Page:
Hayley Rippel

Benton County Auditor Hayley Rippel visited a recent Kiwanis meeting to talk about absentee voting and the 2020 election.

The November election is weeks away and no one knows that better than Benton County Auditor Hayley Rippel. As she and her staff work to ensure voting remains safe and secure, Rippel took time out of her schedule to visit with the Vinton Kiwanis on Tuesday to answer questions from members.

“There’s a lot more interest in this election early this year,” Rippel said. “I really cannot put this on COVID-19. It’s all the publicity and news leading up to the election. There’s a lot of misleading conceptions, which only makes our jobs harder when people believe their ballots will just be thrown away or absentees don’t count. I’m glad I was able to talk on that today.”

According to Rippel, absentee forms all require the same information, including your date of birth, driver’s license and where you live. Rippel displayed sample absentee ballots to Kiwanis members during the meeting, including how to seal and mark envelopes. As of Tuesday, it is estimated the Auditor’s Office has received 4,737 absentee ballot requests with three weeks to go before the election. Rippel estimates roughly 8,000 absentee ballots could be requested, double from the 2016 election. Benton County has over 17,000 registered voters living in the county.

The Auditor’s Office follows the administrative rules in the Iowa code when testing their machines to ensure they are counting all ballots and check for overvotes or other human errors with ballots. All results are unofficial until canvassed by the Board of Supervisors the following week of the election, allowing Rippel and staff to ensure all votes are counted and they are able to reach residents with any issues regarding ballots.

“None of our machines are hooked up to the internet for security reasons,” Rippel said. “We update our poll books right up until the night before election so for every precinct we know who voted absentee, who hasn’t returned their ballots. If a resident comes into the polls in person and has a ballot out, we verify with them and have them fill out an oath if they say they lost their ballot in the mail.”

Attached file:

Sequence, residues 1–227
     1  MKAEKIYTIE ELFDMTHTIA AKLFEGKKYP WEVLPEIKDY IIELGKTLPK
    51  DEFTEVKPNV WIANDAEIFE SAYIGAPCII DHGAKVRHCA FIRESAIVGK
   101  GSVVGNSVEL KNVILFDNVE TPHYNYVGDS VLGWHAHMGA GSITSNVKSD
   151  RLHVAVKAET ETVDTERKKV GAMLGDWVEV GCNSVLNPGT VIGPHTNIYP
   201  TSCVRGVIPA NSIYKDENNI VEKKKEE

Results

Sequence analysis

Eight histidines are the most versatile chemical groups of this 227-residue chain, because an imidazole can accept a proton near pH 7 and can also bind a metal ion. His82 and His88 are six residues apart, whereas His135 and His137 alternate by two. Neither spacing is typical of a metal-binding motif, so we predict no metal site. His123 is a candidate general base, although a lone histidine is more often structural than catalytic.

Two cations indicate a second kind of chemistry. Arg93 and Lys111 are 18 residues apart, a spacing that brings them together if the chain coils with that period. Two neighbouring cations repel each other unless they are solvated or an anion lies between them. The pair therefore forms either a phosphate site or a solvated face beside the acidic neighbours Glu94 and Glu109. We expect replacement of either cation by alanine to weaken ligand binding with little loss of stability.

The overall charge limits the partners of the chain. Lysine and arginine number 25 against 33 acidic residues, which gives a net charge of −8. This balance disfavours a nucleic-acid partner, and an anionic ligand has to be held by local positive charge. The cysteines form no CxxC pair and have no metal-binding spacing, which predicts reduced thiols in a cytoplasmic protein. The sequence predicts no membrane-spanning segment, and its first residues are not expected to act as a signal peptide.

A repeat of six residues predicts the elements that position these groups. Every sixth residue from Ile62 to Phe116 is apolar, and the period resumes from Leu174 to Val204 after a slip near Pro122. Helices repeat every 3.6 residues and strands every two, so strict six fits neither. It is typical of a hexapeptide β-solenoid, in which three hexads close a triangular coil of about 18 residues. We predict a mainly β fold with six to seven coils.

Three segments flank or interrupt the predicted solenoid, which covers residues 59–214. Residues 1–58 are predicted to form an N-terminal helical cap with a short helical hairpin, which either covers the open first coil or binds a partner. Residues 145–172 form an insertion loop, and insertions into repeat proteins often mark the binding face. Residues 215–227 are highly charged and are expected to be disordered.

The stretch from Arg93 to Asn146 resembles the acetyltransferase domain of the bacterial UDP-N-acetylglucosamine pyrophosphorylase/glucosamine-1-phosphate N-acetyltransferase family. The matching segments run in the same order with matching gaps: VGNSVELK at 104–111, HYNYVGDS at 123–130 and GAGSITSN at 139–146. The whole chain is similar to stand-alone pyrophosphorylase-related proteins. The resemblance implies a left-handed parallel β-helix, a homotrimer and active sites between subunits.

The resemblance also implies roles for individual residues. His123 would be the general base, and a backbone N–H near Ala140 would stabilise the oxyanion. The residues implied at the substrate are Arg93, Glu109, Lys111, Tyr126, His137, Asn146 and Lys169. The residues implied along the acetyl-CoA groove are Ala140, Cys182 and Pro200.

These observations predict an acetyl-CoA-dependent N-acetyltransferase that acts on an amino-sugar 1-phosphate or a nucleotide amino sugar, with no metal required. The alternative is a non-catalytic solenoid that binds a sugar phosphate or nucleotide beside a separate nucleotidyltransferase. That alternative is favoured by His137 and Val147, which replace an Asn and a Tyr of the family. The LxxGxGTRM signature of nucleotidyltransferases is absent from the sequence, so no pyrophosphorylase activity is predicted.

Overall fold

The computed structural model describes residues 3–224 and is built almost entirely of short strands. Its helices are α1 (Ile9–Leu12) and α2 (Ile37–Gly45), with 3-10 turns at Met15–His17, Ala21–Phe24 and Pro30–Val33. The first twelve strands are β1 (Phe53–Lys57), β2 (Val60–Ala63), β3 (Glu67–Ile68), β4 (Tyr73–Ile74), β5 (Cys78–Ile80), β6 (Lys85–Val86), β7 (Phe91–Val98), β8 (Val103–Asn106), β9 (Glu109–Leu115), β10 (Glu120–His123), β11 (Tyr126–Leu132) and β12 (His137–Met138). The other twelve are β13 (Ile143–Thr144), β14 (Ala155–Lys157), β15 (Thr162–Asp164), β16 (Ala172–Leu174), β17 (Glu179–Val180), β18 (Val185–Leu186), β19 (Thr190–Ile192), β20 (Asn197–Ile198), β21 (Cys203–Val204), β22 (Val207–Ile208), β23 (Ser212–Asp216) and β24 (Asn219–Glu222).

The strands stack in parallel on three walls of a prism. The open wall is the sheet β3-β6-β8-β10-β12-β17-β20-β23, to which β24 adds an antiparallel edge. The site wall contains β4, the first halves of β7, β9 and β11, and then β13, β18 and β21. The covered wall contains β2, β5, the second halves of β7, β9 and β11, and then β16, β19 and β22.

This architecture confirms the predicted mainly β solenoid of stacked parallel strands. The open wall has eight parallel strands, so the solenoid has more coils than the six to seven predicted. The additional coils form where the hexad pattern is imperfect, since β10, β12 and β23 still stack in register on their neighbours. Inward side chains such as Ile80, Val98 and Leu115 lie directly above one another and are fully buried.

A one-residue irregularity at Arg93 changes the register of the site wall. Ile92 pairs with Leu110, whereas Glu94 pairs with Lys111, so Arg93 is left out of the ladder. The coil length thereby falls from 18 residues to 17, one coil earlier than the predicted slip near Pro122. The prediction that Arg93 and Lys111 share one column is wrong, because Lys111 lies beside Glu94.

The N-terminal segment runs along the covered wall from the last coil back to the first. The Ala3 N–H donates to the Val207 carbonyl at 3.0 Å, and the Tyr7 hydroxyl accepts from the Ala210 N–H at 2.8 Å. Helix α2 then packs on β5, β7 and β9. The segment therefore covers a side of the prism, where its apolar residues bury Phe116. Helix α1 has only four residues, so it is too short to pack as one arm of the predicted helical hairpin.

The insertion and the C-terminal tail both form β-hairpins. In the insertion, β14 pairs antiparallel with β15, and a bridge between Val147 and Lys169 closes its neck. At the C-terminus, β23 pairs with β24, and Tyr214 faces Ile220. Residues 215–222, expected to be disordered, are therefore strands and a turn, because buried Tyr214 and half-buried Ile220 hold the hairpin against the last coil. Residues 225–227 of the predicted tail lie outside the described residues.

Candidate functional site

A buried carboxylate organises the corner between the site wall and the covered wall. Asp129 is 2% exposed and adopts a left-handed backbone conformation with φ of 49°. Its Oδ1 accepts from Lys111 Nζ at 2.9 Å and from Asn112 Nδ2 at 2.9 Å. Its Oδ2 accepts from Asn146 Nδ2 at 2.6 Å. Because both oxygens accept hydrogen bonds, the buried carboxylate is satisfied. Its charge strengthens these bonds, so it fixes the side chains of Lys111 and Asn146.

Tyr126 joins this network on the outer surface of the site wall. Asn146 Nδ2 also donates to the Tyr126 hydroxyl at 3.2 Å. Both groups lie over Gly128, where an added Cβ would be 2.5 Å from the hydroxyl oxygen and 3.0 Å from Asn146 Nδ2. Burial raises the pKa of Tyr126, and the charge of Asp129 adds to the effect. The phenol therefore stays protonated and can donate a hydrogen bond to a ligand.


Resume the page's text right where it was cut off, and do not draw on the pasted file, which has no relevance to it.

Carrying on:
Counties in Iowa use the same voter registration system for all voting to prevent voters to ever be allowed to vote more than once. The machines are tested before the election by the Auditor’s Officer among many duties during this time of year. Another responsibility of the office is to check if a person is deceased before the election and turned in a ballot that the vote is removed. If a seal on an absentee request is tampered, the office must notify the voter and ask if this was done by them. All the while, the Auditor and staff work to maintain privacy and non-partisanship with voting.

“We are overwhelmed and even have a part-time position out to help us, but I haven’t had the time to go through candidates,” Rippel said. “Our office is an important part of the county. We do all the payroll for all employees, bills for the county, I write the minutes for the Board of Supervisors meetings and budgets. Fortunately, I was able to get a grant to pay for two temporary workers. The election is time consuming, but our staff is stepping up. Other offices are seeing that and offering to do jobs for us like take mail or bring us coffee. It’s a team effort.”

Beginning November 2, absentee ballots will be sorted to manage time for the Auditor’s office. A random precinct will be selected later in the week to be hand checked for accuracy. According to Rippel, the county has passed post-election audits since they were implemented. All individual voting precincts are counted before adding absentee ballots for reporting purposes.

Rippel took questions and concerns from members ranging from handicap machines, misconceptions and how other states are handling the election this season.